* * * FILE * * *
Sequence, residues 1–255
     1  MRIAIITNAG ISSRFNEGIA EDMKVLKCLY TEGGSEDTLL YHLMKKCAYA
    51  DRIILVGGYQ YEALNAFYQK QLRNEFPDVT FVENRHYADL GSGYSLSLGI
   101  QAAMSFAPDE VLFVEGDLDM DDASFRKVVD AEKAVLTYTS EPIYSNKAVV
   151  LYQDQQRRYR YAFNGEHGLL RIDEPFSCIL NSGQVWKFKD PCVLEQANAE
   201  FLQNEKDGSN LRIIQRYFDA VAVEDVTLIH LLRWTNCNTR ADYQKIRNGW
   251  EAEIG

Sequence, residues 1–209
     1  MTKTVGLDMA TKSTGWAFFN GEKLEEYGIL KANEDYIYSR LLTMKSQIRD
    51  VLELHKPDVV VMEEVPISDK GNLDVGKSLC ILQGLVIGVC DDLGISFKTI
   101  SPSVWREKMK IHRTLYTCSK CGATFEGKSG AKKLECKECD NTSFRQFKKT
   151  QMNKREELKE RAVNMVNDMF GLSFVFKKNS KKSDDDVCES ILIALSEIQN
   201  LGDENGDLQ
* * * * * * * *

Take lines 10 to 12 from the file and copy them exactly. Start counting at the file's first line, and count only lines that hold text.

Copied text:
    51  VLELHKPDVV VMEEVPISDK GNLDVGKSLC ILQGLVIGVC DDLGISFKTI
   101  SPSVWREKMK IHRTLYTCSK CGATFEGKSG AKKLECKECD NTSFRQFKKT
   151  QMNKREELKE RAVNMVNDMF GLSFVFKKNS KKSDDDVCES ILIALSEIQN